The plan for the evening was to luxury camp with some gourmet food and an improvised tent sauna. The cold showers during the way were not that luxurious but the camp proved good: The wind settled a bit but still kept the mosquitoes away, rain didn’t return and we even got a proper sunset. We reshaped the fire-place to serve as a sauna stove and started to heat the rocks while preparing dinner: bruchettas (btw the WordPress Proofreading suggest “brunettes” here but we didnät have any with us…) with Spanish style tapas and red wine for starters (as tested on the previous trip), salmon fillet cooked  on a piece of wood in the glow of the fire and grilled veggies as main course (with more cheap red btu still no brunettes…) followed with Irish Coffee and marshmallows as dessert. This time even the cream made it and was easily whipped by shaking it in a Nalgene bottle!

Notice the improvised-on-site cooking equipment.

After the proper three course dinner it was time to improvise the sauna. There were some slightly charred tree trunks at the shelter and we had a big tarp with us and these combined with the seats around the pimped fireplace and some pack straps made a cozy yet very functional sauna for two. (Caution! If you build an improvised sauna, remember to put out the fire properly before covering your stove with a fabric, otherwise carbon monoxide, carbon dioxide or other nasty fumes may get you!) As the wind kept to bugs away there was no need to pitch the tent and after the sauna, swims and beers we retired to our sleeping bags under the lean-to.

We slept long, prepared breakfast on the camp fire with no hurry and feeling lazy (all that cheap red?) decided to just take the straight route back to Luotolahti. The weather was good with sunshine and only a slight breeze. On the way back to Luotolahti we found some nice rock by the water and Tuomas decided to try a bit of bouldering but not having climbing shoes quickly changed the sport into swimming. (Caution! This is fun but check the spot thoroughly before jumping or falling into the water from any high places!)

Towards the end of the trip the wind picked up again and we felt cold so we had a coffee break with roaring fire at the lean-to in the Luotolahden Kapia strait before arriving back to the car. On the last bit we saw seagulls apparently trying to fend of something in the water: The birds didn’t mind us floating only 10 meters away but kept diving and hovering above the reed next to a little islet… Maybe there was a snake swimming to the nest?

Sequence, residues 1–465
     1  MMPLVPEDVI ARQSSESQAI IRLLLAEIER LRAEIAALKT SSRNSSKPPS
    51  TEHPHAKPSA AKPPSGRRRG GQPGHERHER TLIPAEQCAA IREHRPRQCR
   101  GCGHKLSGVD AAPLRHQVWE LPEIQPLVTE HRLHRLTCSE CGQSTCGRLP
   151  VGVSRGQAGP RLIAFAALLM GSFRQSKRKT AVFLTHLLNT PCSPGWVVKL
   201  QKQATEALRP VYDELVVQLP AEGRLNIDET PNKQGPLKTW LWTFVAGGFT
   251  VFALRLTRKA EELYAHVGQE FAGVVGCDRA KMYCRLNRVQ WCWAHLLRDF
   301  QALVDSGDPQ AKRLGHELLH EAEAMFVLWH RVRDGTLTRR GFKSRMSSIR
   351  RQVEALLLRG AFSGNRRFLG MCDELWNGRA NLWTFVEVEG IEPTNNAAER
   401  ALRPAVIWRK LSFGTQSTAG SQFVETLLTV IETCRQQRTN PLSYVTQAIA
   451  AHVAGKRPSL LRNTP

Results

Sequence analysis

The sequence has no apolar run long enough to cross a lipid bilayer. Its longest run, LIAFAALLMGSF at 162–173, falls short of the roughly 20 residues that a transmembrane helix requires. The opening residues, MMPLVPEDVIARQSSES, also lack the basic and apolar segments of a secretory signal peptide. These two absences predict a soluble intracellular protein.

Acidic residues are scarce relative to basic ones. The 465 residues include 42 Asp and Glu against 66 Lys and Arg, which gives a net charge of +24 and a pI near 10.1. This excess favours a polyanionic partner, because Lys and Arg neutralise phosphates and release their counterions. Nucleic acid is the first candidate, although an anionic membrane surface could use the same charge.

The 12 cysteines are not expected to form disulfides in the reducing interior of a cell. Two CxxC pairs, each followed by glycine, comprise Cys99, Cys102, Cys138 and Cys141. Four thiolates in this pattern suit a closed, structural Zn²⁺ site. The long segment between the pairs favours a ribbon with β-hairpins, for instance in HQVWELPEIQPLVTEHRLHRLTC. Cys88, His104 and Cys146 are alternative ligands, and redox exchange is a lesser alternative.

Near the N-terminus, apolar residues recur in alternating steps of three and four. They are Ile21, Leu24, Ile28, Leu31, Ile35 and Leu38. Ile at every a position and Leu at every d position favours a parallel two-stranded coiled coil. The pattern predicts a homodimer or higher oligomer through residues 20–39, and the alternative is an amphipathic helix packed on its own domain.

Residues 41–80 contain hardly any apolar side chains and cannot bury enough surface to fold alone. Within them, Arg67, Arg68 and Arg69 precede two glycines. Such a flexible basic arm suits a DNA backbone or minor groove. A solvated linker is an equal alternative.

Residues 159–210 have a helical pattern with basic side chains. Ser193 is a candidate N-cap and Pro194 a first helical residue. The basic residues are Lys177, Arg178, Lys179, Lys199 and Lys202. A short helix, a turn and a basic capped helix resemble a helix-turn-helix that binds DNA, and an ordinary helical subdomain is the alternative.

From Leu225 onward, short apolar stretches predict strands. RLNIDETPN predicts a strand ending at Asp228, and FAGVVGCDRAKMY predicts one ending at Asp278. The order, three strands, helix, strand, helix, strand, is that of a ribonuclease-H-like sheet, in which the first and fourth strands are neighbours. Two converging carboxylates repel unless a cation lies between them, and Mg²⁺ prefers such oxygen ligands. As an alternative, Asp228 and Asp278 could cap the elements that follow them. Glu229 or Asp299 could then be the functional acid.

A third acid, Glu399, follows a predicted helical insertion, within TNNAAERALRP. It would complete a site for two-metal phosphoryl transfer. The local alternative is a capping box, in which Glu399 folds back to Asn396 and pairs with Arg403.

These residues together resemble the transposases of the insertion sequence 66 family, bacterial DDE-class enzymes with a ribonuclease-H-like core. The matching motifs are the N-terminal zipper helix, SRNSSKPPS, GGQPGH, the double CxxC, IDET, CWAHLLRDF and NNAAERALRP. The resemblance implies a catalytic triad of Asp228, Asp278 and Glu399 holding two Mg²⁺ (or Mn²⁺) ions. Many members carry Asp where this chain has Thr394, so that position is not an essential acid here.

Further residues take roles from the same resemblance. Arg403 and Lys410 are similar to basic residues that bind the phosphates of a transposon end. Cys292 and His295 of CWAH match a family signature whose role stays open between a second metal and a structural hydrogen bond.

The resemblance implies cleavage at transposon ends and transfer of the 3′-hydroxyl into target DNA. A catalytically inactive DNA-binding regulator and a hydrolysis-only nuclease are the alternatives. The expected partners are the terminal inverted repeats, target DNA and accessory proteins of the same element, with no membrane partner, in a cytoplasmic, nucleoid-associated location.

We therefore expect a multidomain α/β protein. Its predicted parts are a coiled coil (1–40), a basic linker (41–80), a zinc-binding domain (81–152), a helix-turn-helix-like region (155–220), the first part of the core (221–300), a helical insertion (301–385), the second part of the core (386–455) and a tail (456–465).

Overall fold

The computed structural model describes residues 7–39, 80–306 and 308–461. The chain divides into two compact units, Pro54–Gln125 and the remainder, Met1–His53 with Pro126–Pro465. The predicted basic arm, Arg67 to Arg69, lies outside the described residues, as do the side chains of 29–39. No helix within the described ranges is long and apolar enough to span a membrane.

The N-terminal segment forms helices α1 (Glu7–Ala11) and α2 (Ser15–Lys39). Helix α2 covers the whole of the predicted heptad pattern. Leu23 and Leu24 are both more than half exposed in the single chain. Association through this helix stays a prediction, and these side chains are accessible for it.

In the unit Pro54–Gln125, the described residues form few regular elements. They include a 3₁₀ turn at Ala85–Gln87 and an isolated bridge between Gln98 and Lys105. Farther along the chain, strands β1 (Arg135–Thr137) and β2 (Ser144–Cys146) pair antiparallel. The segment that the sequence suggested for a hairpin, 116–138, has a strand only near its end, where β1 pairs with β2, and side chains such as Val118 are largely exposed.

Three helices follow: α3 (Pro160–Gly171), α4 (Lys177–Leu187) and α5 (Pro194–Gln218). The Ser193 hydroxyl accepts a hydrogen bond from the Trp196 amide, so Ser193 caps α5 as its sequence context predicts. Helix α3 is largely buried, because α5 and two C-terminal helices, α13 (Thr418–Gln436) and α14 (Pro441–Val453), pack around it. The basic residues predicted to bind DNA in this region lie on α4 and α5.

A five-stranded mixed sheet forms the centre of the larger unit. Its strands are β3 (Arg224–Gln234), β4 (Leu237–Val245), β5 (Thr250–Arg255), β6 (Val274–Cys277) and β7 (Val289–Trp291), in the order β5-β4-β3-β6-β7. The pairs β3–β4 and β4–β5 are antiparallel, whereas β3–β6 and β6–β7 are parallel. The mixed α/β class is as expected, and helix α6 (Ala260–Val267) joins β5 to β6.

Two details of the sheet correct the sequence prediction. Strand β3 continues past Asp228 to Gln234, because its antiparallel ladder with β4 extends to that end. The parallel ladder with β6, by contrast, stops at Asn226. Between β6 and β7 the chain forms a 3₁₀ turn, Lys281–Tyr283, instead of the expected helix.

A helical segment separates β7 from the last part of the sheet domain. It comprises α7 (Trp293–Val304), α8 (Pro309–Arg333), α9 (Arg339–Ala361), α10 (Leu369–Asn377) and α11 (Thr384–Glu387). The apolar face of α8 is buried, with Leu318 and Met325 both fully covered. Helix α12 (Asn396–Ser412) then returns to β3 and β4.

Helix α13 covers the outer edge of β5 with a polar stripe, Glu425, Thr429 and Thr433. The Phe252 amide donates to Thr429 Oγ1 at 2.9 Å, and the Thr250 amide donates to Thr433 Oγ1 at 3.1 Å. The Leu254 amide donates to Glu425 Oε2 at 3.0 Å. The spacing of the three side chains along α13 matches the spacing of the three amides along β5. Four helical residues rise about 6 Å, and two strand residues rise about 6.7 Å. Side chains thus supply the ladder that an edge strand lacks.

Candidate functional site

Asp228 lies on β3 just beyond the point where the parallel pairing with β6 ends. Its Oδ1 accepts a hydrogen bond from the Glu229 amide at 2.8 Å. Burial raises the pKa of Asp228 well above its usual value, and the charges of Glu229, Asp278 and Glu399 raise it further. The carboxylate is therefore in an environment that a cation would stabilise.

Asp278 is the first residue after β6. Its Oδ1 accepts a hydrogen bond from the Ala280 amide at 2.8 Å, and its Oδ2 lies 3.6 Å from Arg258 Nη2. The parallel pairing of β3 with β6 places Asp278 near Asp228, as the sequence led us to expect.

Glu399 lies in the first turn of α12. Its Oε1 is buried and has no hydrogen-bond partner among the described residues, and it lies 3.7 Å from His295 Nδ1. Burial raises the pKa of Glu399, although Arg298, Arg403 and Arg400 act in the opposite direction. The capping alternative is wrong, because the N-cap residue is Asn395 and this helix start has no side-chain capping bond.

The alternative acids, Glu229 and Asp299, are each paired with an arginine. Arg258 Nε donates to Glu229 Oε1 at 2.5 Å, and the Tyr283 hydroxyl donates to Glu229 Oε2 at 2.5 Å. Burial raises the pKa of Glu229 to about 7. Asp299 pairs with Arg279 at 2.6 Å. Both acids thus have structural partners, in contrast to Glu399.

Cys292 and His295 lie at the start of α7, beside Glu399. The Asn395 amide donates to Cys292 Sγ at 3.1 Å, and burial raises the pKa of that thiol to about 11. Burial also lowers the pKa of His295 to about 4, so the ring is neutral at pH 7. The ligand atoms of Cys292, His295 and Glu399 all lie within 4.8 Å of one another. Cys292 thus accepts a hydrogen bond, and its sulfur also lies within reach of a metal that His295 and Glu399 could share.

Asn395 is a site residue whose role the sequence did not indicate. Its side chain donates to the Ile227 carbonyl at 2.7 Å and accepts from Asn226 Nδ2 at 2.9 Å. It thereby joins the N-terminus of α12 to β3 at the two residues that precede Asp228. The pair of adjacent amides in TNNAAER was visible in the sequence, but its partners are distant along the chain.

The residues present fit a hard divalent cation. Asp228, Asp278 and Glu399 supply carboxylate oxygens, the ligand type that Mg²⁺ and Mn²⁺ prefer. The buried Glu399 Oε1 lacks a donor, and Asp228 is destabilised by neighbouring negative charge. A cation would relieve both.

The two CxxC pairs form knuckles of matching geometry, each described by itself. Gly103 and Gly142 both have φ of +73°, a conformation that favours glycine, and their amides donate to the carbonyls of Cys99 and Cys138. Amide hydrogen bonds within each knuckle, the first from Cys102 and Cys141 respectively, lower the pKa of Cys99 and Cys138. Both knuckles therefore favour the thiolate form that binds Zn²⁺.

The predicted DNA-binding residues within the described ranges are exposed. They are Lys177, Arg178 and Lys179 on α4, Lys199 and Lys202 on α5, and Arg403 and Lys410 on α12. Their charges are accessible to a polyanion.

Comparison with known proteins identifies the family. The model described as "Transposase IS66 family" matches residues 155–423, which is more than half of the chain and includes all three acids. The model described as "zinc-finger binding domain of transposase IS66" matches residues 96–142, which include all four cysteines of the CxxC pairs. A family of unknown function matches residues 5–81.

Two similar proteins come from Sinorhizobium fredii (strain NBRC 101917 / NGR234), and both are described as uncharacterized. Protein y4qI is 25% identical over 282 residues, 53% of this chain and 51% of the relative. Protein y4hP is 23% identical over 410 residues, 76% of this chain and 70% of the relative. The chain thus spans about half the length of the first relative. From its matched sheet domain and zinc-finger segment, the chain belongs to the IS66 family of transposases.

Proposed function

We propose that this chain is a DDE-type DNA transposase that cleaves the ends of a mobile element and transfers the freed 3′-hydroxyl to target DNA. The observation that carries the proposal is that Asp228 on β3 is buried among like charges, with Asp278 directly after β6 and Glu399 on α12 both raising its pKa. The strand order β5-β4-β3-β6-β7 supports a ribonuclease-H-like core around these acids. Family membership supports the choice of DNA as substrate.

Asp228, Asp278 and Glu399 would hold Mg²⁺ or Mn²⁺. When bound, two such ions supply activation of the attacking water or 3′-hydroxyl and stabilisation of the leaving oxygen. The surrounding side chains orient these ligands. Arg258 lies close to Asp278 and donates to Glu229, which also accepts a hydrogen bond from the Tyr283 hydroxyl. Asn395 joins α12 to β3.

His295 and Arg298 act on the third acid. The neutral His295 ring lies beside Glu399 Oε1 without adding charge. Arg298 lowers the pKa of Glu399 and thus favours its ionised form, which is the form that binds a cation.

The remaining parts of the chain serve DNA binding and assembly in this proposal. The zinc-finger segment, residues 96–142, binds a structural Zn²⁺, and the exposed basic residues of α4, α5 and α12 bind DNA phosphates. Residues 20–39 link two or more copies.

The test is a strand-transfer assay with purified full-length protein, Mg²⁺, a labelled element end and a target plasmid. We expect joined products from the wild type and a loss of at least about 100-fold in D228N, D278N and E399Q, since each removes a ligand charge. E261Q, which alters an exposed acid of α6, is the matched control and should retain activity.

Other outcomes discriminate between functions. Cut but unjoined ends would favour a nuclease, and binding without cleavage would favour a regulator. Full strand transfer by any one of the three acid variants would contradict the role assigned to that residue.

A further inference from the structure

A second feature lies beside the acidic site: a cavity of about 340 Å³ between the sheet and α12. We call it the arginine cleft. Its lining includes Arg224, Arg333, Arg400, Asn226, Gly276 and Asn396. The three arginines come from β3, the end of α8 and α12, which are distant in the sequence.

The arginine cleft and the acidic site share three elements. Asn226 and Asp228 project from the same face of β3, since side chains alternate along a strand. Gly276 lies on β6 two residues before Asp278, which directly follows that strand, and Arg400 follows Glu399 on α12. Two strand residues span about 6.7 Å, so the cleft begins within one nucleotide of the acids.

After admiring the airshow for long enough we paddled the last strokes back to our car and headed home. Another jolly good overnighter!

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PS. As usual, more photos in my gallery.

Barbecue Doesn’t Fit in a Kayak

For the last two weeks or so it has been a full on summer here in Finland. Temperatures have been close to +30C, there hasn’t been much rain (at least in the South-East) and everything is green and blooming. Well, mosquitoes are not green but they seem to be booming as well… This all means it’s about the time to start summer outdoor activities and that’s what I did. Here’s a trip report from the season’s first kayaking trip.

Usually I don’t do that much overnight trips, I prefer longer periods spend in more remote places than overnighters enable. But when the weather and company are good there’s absolutely no reason to turn down an overnighter. So I went for one, and later for another and now I’m planning a third one… But this post is about the season’s first overnighter.

I haven’t been kayaking for a while. I actually like kayaking a lot and happen to be a qualified kayaking instructor and even live at the shore of the largest lake in Finland with little wild land but plenty of water… So I guess I should do more kayaking but as I have a packraft I can’t afford a kayak at the moment. But when a friend bought himself a kayak and asked me to join him for a test trip I decided quickly to rent one. In addition to businesses, in Finland many clubs of Suomen Latu rent canoes, kayaks and equipment and also offer guiding services. I rented the kayak from local Saimaan Latu.